Client bases vary slightly by office based on the local markets: New York sources saw a lot of e-commerce, advertising and media, consumer products and financial services clients, while those in Boston came across "the predictable biotech, pharmaceuticals and life sciences work," as well as financial services and software companies. California“handles the Tesla-type clients" – the Northern Cali offices also handle e-commerce and financial services work, while the Southern Cali teams see more in the media and consumer products spaces. There's more life sciences and software work to be found in the Midwest, as well as B2B matters.
There are still a lot of software-based companies handled throughout the network. We heard the group recently decided to “build out its privacy specialism, and so now there is a dedicated privacy subgroup. Tech associates still help out on day-to-day client queries and put together their privacy policies.” The team offers juniors a “structured approach” to gaining substantive experience: “First-years do the bulk of communicating by driving client calls and getting the first draft of documents.” Second and third-years “run the disclosure schedule and take turns at marking up merger agreements. It’s been great interacting with clients every day, as it’s fun to see what new products they come up with and their advertising campaigns,” beamed one New York junior.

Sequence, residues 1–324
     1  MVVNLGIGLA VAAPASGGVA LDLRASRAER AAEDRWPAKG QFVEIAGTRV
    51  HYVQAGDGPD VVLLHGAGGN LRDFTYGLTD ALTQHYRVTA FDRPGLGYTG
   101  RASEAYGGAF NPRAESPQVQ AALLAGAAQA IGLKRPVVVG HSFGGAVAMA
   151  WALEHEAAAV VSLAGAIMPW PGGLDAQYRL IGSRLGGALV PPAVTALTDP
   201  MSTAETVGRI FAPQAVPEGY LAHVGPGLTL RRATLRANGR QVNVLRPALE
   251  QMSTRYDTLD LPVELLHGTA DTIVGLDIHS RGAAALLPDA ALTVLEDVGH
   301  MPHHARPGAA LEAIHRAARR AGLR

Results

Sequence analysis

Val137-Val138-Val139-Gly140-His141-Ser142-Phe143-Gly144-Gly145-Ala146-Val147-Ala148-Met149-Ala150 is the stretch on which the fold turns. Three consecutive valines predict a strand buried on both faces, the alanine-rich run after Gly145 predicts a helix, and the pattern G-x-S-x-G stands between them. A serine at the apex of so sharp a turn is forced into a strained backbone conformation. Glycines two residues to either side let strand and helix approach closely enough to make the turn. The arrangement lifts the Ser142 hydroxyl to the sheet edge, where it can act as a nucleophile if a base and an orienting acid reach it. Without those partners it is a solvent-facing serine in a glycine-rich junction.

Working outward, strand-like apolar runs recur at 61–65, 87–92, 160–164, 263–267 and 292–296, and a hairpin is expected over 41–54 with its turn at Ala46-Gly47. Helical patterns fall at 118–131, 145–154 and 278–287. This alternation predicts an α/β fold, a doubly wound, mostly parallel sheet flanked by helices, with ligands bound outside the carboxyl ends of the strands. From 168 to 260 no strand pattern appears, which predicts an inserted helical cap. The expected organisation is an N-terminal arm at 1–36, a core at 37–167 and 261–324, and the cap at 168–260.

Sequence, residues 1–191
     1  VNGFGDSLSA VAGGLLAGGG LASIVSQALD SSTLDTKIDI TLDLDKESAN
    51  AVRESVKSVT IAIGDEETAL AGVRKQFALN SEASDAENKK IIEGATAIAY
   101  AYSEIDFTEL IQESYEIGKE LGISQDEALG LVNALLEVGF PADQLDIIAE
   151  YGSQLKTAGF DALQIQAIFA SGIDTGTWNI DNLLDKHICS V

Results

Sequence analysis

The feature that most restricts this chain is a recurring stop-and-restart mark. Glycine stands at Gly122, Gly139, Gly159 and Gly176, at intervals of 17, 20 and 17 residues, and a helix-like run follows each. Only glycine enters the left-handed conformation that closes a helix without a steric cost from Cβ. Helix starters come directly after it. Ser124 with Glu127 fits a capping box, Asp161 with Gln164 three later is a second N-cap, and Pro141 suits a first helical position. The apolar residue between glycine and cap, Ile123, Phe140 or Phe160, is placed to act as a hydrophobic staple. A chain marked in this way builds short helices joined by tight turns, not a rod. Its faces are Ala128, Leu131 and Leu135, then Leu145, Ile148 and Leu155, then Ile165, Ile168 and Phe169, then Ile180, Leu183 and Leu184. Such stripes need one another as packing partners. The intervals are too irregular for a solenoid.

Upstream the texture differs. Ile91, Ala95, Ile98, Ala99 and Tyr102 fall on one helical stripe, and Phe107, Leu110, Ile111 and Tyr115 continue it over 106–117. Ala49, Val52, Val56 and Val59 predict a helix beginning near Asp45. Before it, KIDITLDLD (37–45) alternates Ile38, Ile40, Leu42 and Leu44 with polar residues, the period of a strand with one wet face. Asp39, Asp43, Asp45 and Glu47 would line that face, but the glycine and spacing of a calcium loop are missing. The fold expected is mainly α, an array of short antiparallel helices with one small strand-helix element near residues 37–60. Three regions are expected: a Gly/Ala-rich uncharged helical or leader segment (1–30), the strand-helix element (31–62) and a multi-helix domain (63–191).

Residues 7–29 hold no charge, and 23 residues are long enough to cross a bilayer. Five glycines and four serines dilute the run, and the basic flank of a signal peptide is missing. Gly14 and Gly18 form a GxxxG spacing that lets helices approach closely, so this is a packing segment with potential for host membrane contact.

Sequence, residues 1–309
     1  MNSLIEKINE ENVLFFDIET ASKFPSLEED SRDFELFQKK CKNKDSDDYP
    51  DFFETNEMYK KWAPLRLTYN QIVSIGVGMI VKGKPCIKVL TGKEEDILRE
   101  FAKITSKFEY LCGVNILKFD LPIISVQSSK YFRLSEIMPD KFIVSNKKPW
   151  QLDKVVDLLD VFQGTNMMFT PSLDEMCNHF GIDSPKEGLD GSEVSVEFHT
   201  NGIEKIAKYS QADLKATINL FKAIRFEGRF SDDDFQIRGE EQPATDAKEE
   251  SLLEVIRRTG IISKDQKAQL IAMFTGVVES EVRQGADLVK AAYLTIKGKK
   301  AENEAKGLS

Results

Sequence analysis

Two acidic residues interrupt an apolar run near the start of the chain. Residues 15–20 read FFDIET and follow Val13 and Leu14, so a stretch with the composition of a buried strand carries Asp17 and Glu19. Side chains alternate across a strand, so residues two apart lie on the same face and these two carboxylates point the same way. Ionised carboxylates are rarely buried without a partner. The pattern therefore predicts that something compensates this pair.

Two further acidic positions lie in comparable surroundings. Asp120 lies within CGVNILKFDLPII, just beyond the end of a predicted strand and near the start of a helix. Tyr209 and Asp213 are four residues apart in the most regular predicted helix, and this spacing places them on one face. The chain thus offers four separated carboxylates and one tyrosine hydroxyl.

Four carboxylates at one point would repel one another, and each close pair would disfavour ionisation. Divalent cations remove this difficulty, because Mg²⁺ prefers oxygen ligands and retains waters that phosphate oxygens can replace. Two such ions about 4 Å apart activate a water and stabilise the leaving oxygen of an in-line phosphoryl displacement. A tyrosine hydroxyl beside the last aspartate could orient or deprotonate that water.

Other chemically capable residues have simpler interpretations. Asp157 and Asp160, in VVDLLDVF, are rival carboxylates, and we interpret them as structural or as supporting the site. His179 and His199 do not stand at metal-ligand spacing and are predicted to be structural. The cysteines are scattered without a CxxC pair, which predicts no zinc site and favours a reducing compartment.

Tech group clients: Vox Media, online pharmacy Capsule, vaccine developer Affinivax. Represented Cohesity, an enterprise data storage startup, in its $250 million Series E financing led by a number of VC funds.
Diversity & Inclusion
Following a successful women’s retreat for female associates and partners out in Napa, “the firm really has stepped up its diversity efforts in recruiting and retention.” It recently launched a diversity fellowship offering 1L students a place on the summer program in the New York, Boston, or Silicon Valley office.
Associates thought Gunderson was doing well on gender diversity at associate level. Affinity groups have recently hosted Zoom events, such as a happy hour for Pride, and there’s also been a lot of discussion following the BLM movement, “with great participation and a host of emails to facilitate it. We also made donations to the movement which the firm matched, so it’s good to see them step up and show support.”